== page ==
How has being involved in these circles influenced your time at Penn?

It’s been a source of community. So many of the friends I’ve been able to make have been in these spaces that I’ve found. Some of my closest friends have been in my advocacy spaces—I met one of my closest friends in SCUE. These spaces offer a community that I wasn’t afforded when I was growing up in a predominantly white town, which I’ve been really thankful for. But coming to Penn, there were just so many people who I really looked up to for the work that they did. Being able to find community with them and expand my own horizons, and learn from them and their experiences and their philosophies and ideologies, that’s been something that’s really been grounding for me. 

And there’s the friendship and community that comes with doing work like this: the understanding, the self–care moments, the tough moments of recognizing that this stuff is hard, and we should be here together to talk about why it’s hard and how we’re feeling. I think that’s really been very formative for me. 

From the MOVE remains to what’s happening with the UC Townhomes, Penn is complicit in so much gentrification and Black unhousement, and I think that’s where the sense of community is even more helpful, because if I had to deal with some of the stuff alone, it’d take a huge toll on my mental health. Having people that are so like–minded toward change is inspirational.

What does fashion mean to you?

I actually wrote my Common Application essay about it because it’s always meant something to me, especially as a Black, queer, nonbinary person in a town that wasn’t very accepting of that. Fashion was a way for me to express myself that I had full control over. And I could use it as not only a form of self–expression, but as a form of self–care and self–love. A lot of my confidence came from the feeling that I could put together these random pieces of clothes and really pop out.

It’s so empowering for me to be able to dress the way I do. I’m not standing out and breaking boundaries necessarily, but it’s kind of a powerful moment of reclaiming power and just being me. I don’t want to be weighed down by anything. I want to be able to wear nice flowy clothes if I want to, or wear tight clothes if I want to, or wear clothes that are “more feminine” because I want to. Because it’s me, it’s my body. I don’t need anybody else’s approval but my own.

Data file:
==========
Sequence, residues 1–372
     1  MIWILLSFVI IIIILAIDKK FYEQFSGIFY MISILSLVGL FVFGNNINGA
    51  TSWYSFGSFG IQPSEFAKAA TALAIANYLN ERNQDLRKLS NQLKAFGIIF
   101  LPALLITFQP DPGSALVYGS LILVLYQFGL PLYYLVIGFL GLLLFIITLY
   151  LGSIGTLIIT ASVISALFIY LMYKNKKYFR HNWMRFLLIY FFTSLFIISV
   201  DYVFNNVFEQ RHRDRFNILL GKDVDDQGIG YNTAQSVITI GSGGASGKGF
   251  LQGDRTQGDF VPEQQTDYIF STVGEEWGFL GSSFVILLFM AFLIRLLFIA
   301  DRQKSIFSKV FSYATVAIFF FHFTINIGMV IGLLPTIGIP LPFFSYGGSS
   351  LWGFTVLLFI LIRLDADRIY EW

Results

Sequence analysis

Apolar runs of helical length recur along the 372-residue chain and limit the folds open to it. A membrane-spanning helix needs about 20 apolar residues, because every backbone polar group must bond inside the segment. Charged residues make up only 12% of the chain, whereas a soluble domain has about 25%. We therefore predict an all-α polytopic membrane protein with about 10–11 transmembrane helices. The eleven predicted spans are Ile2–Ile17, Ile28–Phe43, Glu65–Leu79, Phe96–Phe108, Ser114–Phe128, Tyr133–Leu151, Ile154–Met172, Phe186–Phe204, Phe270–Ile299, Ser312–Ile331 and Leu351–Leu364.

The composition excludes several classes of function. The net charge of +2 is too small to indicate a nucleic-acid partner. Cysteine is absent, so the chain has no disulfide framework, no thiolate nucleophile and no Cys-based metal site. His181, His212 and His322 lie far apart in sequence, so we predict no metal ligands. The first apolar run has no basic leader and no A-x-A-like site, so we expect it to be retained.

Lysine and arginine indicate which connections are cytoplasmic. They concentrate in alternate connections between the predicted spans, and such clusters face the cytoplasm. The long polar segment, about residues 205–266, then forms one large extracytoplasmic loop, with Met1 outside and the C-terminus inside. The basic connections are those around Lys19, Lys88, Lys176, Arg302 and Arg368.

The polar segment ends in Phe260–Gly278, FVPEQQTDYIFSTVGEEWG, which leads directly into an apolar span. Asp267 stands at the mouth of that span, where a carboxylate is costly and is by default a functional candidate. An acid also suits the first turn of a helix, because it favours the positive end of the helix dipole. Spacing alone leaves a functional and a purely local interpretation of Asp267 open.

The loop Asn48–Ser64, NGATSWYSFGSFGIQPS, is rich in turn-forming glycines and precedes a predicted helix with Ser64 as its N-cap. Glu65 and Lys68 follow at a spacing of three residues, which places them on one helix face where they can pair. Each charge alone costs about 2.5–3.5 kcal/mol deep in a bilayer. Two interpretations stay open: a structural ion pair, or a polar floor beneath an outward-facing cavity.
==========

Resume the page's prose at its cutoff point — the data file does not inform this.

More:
Do you have a particular style icon?

That’s a good question. I was actually just talking to my friend about this because they asked me, “What are your inspirations for fashion?” I was like, “I don't think I have any.” Definitely lots of Black queer people that I see on my timeline, and I’m like, “They look good. They have a good sense of style.”

Anything else you’d like to add?

I want people to search @saveuctownhomes on Instagram and Twitter. Pop out to show support for any actions that are coming up. And be mindful of the way that Penn’s gentrification is, in fact, affecting the Black communities in the area. 

Lightning Round:

Last song you listened to? “Swamp Bitches” by Doechii.

No–skip album? Ego Death by The Internet.

The actor who would play you in a movie? Daniel Kaluuya. The way he portrays emotions … wow.

If you were to describe yourself as a building on campus, which would it be and why? Fisher Fine Arts. She knows how to dress herself.

There are two types of people at Penn… The ones who love Locust Walk and the ones who avoid it.

And you are? One who avoids Locust Walk. I have anxiety, I can't do it.

This interview has been edited and condensed for clarity.